THE WRATH OF THE LAMB: Reframing the title scheme for the back half of the season away from “Blake paintings” and towards “lines from Revelation,” and not entirely honestly. The title drop in the proceeding episode forces single vision, such that it can only refer to Will’s vengeance against Hannibal, although it’s not as though it would have been long on ambiguity without that.
I complained on Twitter a while back that there are no good instances of the deceptive edit, in which information is withheld from the audience purely by selectively editing around it so as to obscure it. The general problem with this is that it depends on selectively and covertly breaking the basic narrative codes of the medium, which state that editing is for communicating information, not for casual lying without any hints to this effect. Hannibal likely comes closer than most to being able to get away with it by the simple virtue of its editing never really suggesting a directly communicated reality in the first place. But the real reason it just about gets away with having an unseen cadaver in the room for this entire scene is just that the deception is mercifully short-lived.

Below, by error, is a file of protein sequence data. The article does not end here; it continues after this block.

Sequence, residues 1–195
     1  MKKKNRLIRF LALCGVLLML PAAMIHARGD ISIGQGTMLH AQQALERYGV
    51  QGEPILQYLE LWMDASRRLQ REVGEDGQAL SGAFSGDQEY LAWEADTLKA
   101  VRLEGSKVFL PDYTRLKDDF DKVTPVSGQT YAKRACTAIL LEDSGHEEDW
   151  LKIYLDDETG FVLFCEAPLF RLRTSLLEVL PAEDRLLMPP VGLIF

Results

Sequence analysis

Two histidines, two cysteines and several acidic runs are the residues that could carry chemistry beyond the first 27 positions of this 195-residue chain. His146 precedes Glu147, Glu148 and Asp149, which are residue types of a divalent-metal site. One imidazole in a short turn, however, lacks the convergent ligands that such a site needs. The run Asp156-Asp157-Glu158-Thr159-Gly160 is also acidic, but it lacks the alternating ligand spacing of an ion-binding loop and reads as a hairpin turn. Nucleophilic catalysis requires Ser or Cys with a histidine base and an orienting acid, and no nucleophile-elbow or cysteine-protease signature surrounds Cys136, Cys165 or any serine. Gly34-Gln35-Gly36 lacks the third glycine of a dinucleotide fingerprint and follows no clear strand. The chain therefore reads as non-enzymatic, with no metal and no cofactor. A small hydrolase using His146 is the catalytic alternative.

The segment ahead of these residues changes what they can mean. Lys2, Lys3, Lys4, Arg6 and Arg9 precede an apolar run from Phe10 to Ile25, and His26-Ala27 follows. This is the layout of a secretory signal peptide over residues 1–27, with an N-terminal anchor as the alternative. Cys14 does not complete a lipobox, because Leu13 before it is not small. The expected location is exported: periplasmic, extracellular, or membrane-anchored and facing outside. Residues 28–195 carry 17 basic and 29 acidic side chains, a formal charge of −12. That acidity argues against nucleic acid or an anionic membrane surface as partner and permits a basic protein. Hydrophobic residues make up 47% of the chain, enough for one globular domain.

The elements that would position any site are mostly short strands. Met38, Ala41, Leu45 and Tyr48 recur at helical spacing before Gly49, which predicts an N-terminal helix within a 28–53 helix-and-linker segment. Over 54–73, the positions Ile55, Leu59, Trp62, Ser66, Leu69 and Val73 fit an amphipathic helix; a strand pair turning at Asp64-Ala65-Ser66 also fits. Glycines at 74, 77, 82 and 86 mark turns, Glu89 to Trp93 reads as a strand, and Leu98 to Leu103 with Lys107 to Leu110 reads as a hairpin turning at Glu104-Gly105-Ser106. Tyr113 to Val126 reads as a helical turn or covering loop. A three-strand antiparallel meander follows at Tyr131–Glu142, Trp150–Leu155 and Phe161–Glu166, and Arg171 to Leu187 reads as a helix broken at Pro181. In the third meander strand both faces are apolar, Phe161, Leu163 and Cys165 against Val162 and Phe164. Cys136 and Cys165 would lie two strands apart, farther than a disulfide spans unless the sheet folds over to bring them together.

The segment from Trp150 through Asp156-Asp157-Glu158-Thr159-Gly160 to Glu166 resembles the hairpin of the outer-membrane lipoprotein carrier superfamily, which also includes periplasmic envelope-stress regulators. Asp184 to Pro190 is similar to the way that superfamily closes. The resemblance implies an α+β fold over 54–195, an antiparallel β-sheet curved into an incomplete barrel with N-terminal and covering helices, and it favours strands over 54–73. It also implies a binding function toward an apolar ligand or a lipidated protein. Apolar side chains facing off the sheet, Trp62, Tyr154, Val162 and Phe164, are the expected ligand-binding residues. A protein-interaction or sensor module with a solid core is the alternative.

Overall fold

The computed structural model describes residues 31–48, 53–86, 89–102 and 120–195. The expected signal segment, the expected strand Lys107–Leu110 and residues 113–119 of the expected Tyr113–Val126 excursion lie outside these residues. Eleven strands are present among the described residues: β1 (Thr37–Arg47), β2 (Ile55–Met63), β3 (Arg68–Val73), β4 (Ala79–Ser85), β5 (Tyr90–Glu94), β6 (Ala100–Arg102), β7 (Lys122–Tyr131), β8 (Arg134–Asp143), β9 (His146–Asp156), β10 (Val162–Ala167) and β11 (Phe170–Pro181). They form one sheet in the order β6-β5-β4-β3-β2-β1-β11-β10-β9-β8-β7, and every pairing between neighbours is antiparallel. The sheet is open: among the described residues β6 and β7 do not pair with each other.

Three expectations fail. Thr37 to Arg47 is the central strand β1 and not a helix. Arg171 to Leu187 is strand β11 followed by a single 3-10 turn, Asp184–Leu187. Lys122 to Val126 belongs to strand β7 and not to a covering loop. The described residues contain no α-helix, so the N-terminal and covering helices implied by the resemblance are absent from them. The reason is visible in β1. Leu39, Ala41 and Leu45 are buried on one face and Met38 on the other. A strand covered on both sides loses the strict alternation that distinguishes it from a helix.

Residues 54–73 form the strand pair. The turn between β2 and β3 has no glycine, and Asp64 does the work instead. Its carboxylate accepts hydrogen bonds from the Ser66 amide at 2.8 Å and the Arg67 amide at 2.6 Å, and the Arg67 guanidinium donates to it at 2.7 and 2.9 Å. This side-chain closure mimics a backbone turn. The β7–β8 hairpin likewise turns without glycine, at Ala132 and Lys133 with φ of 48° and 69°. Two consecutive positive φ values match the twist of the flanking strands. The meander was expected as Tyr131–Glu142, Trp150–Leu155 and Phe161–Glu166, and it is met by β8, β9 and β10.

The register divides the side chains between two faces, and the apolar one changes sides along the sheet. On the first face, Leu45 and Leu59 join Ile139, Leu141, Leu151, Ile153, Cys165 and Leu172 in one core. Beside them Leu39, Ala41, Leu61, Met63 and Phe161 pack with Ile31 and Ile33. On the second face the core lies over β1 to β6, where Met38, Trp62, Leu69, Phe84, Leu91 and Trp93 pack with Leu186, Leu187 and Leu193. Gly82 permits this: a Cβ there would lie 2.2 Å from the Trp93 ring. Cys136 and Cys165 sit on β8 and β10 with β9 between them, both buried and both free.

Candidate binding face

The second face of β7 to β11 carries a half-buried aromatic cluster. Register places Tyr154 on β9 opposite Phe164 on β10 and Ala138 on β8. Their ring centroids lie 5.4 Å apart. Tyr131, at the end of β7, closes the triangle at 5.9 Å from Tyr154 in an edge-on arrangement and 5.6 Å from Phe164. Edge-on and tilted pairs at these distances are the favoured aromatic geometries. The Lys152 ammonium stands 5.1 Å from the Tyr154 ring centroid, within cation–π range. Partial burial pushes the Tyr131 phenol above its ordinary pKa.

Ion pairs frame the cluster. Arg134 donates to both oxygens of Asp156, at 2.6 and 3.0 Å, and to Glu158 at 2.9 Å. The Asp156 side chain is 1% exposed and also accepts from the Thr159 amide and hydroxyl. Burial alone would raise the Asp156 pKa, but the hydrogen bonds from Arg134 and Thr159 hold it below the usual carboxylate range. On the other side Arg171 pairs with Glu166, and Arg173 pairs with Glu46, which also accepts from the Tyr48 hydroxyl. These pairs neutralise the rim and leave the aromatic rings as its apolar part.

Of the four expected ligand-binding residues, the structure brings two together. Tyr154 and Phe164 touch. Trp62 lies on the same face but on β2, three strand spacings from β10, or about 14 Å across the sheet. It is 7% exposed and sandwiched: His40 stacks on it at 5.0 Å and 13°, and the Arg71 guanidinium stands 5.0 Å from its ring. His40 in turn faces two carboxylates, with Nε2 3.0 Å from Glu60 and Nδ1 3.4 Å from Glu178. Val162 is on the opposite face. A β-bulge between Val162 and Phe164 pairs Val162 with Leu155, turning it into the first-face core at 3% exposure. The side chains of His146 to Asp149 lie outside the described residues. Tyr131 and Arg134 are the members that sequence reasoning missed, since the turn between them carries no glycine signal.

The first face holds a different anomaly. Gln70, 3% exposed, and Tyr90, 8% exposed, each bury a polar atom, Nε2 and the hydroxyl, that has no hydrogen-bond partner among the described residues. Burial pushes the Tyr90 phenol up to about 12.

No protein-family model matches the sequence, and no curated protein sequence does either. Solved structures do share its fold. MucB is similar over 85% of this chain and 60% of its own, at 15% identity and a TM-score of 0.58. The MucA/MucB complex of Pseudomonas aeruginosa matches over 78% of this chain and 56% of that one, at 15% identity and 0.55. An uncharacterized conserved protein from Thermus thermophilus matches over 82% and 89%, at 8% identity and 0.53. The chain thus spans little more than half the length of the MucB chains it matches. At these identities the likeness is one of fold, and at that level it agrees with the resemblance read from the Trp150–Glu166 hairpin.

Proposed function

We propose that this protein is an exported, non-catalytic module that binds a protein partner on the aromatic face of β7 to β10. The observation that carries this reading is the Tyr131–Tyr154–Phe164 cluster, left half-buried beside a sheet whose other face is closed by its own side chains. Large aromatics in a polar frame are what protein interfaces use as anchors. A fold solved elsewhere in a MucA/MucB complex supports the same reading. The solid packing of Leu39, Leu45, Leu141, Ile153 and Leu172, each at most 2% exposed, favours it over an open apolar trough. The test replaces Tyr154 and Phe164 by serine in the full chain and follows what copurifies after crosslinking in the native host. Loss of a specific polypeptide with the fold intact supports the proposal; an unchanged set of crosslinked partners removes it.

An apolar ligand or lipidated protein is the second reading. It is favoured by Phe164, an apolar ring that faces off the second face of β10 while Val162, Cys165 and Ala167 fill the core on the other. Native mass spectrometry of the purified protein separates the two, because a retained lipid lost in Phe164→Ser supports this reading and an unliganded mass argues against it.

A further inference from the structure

It’s also worth noting that fully six minutes of this episode are pulled forward from “The Number of the Beast is 666.” To my knowledge the full details of the production of “The Wrath of the Lamb” have not yet been shared, but it’s evident that it was a troubled production, a fact that particularly affects the final fight scene, and the amount that had to get moved into it to get it up to its length seems to speak to that.
REBA MCCLANE: I drew a freak.
WILL GRAHAM: You didn’t draw a freak. You drew a man with a freak on his back. Nothing wrong with you, don’t let yourself believe there is.
REBA MCCLANE: I know there’s nothing wrong with me. In making friends, I try to be wary of people who foster dependency and feed on it. I’ve been with a few. The blind attract them.
WILL GRAHAM: Not just the blind.
It’s probably not the show’s deftest handling of blindness to use it as a basis for equating Reba and Will, but equally, the moment of shared empathy is important, especially as it’s the one opportunity to interact with someone other than Dolarhyde that Reba gets. The more interesting line, however, is Will’s defense of Dolarhyde, which grants the reality of his split personality in a way that leaves Dolarhyde himself oddly blameless.
WILL GRAHAM: Molly and I want it to be the same.
HANNIBAL: When life becomes maddeningly polite, think about me. Think about me, Will, don’t worry about me.
There’s a cut to Hannibal’s line, which is scripted to begin “Mutual assurances you try to exchange in the dark and in the day will pass through some refraction, making them miss their mark.” One assumes it’s for pacing reasons so as to get to the punchline faster, and in turn set up Will’s retaliation, but its a pity, as it’s a good line.…